The plotters were from the Reichsbürger movement, which denies the legitimacy of the post-war German state, its borders and institutions. It seems the plan was to storm parliament and take politicians captive, at which point it was assumed the military and public would rise in support. Once in control of the government, the plotters planned to renegotiate the treaties that established modern-day Germany and make friends with Russia.

One obvious current of inspiration for the planned attack was the 6 January 2021 US insurrection. Part of the danger of what happened in Washington, DC is that it normalised political violence and offered a model to imitate. This was recently seen in Brazil, where thousands assaulted the institutions of federal government to try to destabilise the newly inaugurated administration.

In Germany the ground had also been prepared by the Querdenken – lateral thinking – movement that emerged in protests against pandemic lockdowns and vaccinations. It started out claiming to be non-partisan, merely bringing people together to question pandemic measures. Some supporters came from the left, often starting from a point of suspicion about the motivations of large pharmaceutical companies. But as time went on the movement increasingly embraced far-right thought.

This connected with other extremist strands brought together under the pandemic: the Reichsbürger movement, the racist ideology long espoused by the AfD and fellow European far-right parties, the bizarre QAnon conspiracy theory birthed in the USA and the anti-migrant ‘great replacement theory’ that far-right politicians like Hungary’s leader Viktor Orbán have introduced to the political mainstream. Pandemic conspiracy theorists and QAnon adherents were reportedly among the alleged coup plotters.

In Germany, as in New Zealand, opinion polls showed widespread support for the state’s pandemic measures. Once pandemic restrictions eased due to extensive vaccinations, most people moved on. But a minority remained, in Germany, New Zealand and elsewhere, for whom the pandemic was a galvanising issue, a gateway into a conspiratorial rabbit hole. Once brought in by pandemic scepticism, some have proved intensely committed and incredibly vocal, having reach beyond their size.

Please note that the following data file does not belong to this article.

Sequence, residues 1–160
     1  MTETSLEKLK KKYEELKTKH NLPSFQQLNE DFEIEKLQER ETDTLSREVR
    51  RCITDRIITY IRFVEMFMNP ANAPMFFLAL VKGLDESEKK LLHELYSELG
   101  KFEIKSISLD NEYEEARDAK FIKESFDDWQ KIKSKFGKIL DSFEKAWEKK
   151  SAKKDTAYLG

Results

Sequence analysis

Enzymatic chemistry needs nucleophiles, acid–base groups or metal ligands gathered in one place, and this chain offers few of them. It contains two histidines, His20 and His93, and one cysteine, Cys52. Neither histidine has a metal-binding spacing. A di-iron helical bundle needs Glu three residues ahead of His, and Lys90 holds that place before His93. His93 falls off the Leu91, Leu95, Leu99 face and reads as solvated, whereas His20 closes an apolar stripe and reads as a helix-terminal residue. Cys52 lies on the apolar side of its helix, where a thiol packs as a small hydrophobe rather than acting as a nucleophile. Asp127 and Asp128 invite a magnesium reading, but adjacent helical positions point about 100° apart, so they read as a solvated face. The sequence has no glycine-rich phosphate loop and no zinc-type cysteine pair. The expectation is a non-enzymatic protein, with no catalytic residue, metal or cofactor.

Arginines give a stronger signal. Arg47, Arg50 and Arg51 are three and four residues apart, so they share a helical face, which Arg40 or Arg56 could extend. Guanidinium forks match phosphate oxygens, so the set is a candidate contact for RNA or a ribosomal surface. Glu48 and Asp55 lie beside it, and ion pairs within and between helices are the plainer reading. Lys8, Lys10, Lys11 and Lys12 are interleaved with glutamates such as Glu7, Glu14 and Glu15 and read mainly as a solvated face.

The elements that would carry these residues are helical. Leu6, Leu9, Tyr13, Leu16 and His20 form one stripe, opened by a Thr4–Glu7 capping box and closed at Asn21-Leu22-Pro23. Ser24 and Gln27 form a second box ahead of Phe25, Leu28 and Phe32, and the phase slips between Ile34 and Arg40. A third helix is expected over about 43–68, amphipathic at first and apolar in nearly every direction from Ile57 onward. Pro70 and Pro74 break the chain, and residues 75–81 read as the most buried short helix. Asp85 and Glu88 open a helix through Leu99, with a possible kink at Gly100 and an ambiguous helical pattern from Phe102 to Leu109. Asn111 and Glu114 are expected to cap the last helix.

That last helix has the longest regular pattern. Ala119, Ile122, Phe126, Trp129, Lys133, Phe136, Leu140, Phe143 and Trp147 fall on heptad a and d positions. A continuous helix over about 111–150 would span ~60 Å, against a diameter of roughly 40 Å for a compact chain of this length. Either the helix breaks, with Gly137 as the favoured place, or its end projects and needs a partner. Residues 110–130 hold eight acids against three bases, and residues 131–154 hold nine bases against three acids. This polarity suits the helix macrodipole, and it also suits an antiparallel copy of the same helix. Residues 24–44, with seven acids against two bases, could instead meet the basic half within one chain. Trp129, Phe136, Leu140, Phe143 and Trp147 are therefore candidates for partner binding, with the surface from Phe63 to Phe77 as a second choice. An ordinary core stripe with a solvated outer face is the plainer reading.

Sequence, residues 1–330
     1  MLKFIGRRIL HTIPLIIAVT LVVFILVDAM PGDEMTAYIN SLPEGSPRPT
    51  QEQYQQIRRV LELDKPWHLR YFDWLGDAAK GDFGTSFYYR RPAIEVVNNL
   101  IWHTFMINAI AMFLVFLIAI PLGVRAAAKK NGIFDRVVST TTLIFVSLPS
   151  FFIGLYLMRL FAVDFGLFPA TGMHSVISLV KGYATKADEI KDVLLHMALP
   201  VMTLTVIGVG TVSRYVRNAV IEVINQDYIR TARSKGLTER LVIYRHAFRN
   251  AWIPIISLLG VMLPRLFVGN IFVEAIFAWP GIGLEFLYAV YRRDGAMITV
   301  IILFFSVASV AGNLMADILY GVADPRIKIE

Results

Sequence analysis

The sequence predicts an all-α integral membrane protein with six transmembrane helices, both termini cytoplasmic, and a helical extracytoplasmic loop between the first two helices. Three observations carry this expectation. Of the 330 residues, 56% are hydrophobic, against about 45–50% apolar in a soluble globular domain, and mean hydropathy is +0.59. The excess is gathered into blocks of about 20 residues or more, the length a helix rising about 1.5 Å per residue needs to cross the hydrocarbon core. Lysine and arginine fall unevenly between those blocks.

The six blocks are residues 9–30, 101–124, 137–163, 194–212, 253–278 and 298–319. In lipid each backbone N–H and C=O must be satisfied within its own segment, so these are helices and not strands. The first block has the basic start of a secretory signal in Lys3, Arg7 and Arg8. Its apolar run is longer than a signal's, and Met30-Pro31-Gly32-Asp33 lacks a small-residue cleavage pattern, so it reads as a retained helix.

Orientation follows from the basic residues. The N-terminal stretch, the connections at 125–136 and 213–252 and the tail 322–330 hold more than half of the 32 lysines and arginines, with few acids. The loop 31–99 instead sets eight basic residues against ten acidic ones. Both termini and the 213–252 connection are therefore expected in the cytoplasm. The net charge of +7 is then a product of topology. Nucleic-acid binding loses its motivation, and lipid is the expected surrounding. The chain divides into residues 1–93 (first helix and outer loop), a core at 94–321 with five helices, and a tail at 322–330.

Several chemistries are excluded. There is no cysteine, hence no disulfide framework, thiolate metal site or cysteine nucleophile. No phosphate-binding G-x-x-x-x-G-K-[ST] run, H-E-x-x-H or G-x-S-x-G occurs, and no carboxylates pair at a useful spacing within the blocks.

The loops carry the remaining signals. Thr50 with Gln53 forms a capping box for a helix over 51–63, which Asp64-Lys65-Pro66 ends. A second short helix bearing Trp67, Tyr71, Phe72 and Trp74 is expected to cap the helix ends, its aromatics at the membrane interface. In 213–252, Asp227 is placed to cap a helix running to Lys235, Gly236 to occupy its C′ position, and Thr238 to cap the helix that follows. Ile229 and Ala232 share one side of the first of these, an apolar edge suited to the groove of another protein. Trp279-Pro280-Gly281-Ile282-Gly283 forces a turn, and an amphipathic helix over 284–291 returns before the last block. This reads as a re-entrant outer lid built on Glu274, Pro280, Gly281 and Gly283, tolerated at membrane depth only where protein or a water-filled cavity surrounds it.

It’s tempting to laugh this off as inconsequential, although there are many heart-breaking tales of family and friendship bonds being shattered as people have drifted off into this world. In Germany, frontline politics wasn’t affected. The AfD has long profited from anti-migrant rhetoric, but its attempt to seek political advantage from an anti-mask, anti-vaccine stance at the 2021 election failed, and its support fell. But the potential for violence is no laughing matter. The narratives shared are lurid and violent, filled with fantasies of executions and sexual violence towards women. It would take only a handful of people – a minority of a minority – to act them out for tragedy to result.

Germany’s alleged coup plot smacked of self-delusion, but the group targeted in the December raids had an armed wing. One of those arrested is a member of Germany’s Special Forces Command, an elite force long accused of links to far-right extremists. Other members were military reservists. The police reported that weapons had been found at over 50 locations, and the group apparently had a hitlist of targeted politicians and journalists. The group appeared to be well-funded. It wouldn’t have succeeded in overturning the government, but it might have managed to kill people in the process of failing.

This isn’t the first such threat. In August 2021 police reported a credible assassination plot against Michael Kretschmer, head of the German state of Saxony. Kretschmer made himself a target by introducing restrictions on non-vaccinated people during a severe wave of the virus. In April 2022 police arrested four people suspected of planning to abduct Karl Lauterbach, the health minister. Police found several weapons in the raid.

Around the world, protests against pandemic measures have sometimes turned violent and politicians have been the subject of credible threats. Attacks on and threats towards journalists have risen too, in Germany, New Zealand and wherever conspiracy theories have taken hold. In France, a trial began in January of a far-right group accused of plotting to assassinate President Emmanuel Macron and planning to attack mosques. The group started out on Facebook.

Social media in the spotlight

Disinformation and conspiracy theories preceded social media, but it’s impossible to imagine them spreading so fast and penetrating so deep without them. Social media algorithms create the rabbit holes that suck people in: people are exposed to endless streams of unverified, increasingly simplified and extreme content that reinforces beliefs. Communities form around these. Social media’s capacity for rapid sharing of disinformation means a lie can spread around the world and take hold however many refutations are made. For some, this is the pathway to violence: a study in the UK showed that most convicted terrorists had been radicalised online.